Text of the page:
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This website says that the last home of Mary, the mother of Jesus, was in Ephesus, Turkey.

Where did this idea originate?

  • The apostle John's tomb is supposed to be in Ephesus. This tradition dates to the 6th century. As John was to care for Mary, it would make sense that she lived there. – mojo Jul 27 '14 at 7:08
  • @mojo There is a lot of junk theology floating around. Thanks for giving me a foundation for believing this. – Steve Jul 27 '14 at 13:22
  • The problem is that John was also on the isle of Patmos. How does that square with the idea that he kept care of Mary? – Steve Jul 27 '14 at 14:25
  • @Steve, the Wikipedia article I linked claims that tradition says that John was pardoned by Emperor Nerva, though I don't see a primary source cited. Googling suggests that Nerve pardoned many (all?) that Domitian had banished, and so it is at least not illogical to think that the apostle John was among them. As for Mary, John was primarily responsible for her care. He could very well have arranged to have Mary cared for when he was banished. I suppose she could have gone with him to Patmos. My guess is that banishment doesn't have to mean solitary confinement. – mojo Jul 28 '14 at 4:00
  • @mojo A lot of what-ifs, but all plausble. – Steve Jul 29 '14 at 0:13
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Here is a Wikipedia article (poor resource sometimes, I know) that details the origin of the story that Mary lived in Ephesus (or nearby).

It appears to start with a nun in Germany named Anne Catherine Emmerich, who was bedridden and reported a series of visions that detailed "the last days of the life of Jesus, and details of the life of Mary, his mother." She had a visitor, who was an author named Clemens Brentano, who transcribed her visions and later after her death published a book about them. In one of his accounts was a description of a house that John built for Mary in Ephesus, which provided details of the area:

"Mary did not live in Ephesus itself, but in the country near it. ... Mary's dwelling was on a hill to the left of the road from Jerusalem, some three and half hours from Ephesus. This hill slopes steeply towards Ephesus; the city, as one approaches it from the south east seems to lie on rising ground.... Narrow paths lead southwards to a hill near the top of which is an uneven plateau, some half hour's journey."

In 1881 a French priest, the Abbé Julien Gouyet, found the house by using the notes in Brentano's transcripts. The rest, as cheesy as it may sound, is history.

  • 1
    The origin was a vision. Right. – Steve Jul 26 '14 at 3:14
  • @Steve yes. It originated over 100 years ago when a sick nun had visions while she was bedridden, and an author wrote them down allowing another guy some time later to follow the notes and find it. Not the most convincing story in the world, is it? – Jesse Jul 26 '14 at 3:24
  • Very interesting question and good answer though. Thank you. – gideon marx Jul 26 '14 at 17:34
  • In the link I provided in the comments to the question, the tradition existed that Mary was in Ephesus with John. That tradition was bolstered with the visions of Bl. Anne Catherine Emmerich. I am trying to locate a source that the locals there (Muslims included) have always held that tradition. – user13992 Jul 26 '14 at 18:54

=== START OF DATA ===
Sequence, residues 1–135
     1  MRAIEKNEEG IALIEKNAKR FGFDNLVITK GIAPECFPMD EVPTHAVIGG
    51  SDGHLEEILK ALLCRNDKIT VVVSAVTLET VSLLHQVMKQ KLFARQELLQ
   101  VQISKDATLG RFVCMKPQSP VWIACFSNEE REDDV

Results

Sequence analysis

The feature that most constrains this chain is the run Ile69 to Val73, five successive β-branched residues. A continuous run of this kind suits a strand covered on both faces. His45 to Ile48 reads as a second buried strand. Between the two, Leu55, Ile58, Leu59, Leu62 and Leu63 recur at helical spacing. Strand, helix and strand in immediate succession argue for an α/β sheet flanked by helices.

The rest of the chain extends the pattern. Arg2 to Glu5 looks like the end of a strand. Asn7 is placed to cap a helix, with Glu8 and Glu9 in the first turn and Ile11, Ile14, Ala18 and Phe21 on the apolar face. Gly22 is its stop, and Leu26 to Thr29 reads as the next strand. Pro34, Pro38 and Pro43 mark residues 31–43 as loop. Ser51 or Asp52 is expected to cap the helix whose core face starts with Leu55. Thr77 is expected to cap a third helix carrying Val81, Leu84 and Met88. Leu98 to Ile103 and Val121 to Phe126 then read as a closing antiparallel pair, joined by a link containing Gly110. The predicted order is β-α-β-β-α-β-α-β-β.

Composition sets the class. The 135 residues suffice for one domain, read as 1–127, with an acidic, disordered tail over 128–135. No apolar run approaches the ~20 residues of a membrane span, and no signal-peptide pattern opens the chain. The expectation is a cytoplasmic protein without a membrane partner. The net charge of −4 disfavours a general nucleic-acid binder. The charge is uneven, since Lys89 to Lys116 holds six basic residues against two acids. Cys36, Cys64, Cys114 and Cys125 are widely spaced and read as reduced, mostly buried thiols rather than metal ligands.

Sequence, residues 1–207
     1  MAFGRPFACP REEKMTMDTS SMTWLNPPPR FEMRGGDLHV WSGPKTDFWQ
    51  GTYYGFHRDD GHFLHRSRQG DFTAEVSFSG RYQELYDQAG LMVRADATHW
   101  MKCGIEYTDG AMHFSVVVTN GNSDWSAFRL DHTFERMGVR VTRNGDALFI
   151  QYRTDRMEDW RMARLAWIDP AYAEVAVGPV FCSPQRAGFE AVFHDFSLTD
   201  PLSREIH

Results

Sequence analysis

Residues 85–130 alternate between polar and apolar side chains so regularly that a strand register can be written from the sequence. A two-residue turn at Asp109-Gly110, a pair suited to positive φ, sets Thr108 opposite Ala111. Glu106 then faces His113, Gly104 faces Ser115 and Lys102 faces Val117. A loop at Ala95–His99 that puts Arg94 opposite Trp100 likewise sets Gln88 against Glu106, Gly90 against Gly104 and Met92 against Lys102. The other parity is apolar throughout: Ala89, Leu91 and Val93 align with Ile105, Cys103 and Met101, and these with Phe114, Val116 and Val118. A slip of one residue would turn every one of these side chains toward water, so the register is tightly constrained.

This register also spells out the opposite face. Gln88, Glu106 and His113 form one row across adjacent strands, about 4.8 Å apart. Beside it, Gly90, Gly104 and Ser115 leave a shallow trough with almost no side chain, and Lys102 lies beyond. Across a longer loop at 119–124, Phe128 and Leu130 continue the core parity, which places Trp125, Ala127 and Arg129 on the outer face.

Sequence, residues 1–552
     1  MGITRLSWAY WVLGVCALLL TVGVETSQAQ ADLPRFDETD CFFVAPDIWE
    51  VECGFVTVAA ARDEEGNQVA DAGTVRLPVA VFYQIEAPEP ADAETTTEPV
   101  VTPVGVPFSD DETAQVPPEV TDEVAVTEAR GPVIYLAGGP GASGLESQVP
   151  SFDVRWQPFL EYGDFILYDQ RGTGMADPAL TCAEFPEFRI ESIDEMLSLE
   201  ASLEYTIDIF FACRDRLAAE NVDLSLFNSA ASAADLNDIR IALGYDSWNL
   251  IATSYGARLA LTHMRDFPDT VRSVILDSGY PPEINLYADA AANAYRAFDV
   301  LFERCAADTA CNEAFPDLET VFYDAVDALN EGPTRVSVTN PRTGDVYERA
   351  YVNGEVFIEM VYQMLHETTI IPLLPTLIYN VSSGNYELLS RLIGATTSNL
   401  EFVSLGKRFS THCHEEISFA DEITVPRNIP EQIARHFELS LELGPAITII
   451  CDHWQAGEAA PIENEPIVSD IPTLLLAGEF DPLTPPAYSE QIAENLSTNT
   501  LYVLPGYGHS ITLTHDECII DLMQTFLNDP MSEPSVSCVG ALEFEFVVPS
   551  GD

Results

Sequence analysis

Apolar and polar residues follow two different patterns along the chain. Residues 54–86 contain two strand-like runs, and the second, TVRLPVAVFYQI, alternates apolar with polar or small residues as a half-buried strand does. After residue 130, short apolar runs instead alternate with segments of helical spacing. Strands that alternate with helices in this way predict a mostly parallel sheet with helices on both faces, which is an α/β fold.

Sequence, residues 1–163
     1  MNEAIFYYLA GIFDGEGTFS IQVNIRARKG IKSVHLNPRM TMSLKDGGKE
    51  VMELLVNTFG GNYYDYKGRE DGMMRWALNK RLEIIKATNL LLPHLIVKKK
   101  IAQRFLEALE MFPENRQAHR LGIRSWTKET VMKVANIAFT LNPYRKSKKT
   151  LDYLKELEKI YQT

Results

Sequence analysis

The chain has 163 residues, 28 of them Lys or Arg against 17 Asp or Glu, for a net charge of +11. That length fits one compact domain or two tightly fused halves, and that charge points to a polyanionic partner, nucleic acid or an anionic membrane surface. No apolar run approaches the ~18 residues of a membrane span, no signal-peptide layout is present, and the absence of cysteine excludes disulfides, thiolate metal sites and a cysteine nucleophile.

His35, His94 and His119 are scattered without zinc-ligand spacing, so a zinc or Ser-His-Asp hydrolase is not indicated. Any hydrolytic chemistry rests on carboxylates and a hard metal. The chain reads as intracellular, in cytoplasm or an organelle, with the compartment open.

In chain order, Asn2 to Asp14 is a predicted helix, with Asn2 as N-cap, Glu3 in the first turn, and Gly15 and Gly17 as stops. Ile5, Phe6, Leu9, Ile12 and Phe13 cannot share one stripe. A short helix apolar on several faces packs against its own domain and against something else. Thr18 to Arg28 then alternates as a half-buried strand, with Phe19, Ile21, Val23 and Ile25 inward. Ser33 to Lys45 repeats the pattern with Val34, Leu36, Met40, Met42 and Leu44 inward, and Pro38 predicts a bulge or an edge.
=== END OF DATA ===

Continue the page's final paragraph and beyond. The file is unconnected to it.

• @Jesse But John was exiled to the isle of Patmos. That biblical truth in Rev. 1:9. So how do we know what happened to Mary at that point? Surely she did not go to the island with him? Is there a trail that lead from Patmos to Ephesus? – Steve Jul 27 '14 at 14:24
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There seems to be only two historical possibilities as to where Mary ended the pilgrim journey on earth: Jerusalem or Ephesus?

Historically, there are proponents to both sides of this question as can be seen in this article on the Tomb of the Blessed Virgin Mary. These two theories do not seem to take into account the solicitude that St. John would have had in keeping Mary safe! We know that Christians were being persecuted at Jerusalem from the very foundation of the Church, so Ephesus is a real possibility.

From New World Encyclopedia:

"Catholic and Orthodox tradition say that John, together with the the Virgin Mary, moved to Ephesus, where both eventually died. According to Tertullian, John was banished (presumably to Patmos) after being plunged into boiling oil in Rome and miraculously suffering nothing from it. Some believe his tomb is located at Selçuk, a small town in the vicinity of Ephesus.

In his Dialogue with Trypho (Chapter 81) Justin Martyr refers to "John, one of the Apostles of Christ" as an eye-witness of Jesus' ministry who had lived "with us" at Ephesus. Irenæus declares that he wrote his Gospel at Ephesus (Adv. haer., III, i, 1), and that he had lived there until the reign of Trajan. Eusebius and Jerome related that John was the teacher of the Papias, the bishop of Hierapolis in Syria. When John was old he is believed to have trained the future Saint Polycarp, bishop of Smyrna, in today's Turkey. Polycarp is thought to have carried John's message and apostolic authority to a new generation, until he himself became a martyr for the faith."

The visions of Catherine Emmerich seem to be a confirmation of the Ephesian tradition, rather than its' source.

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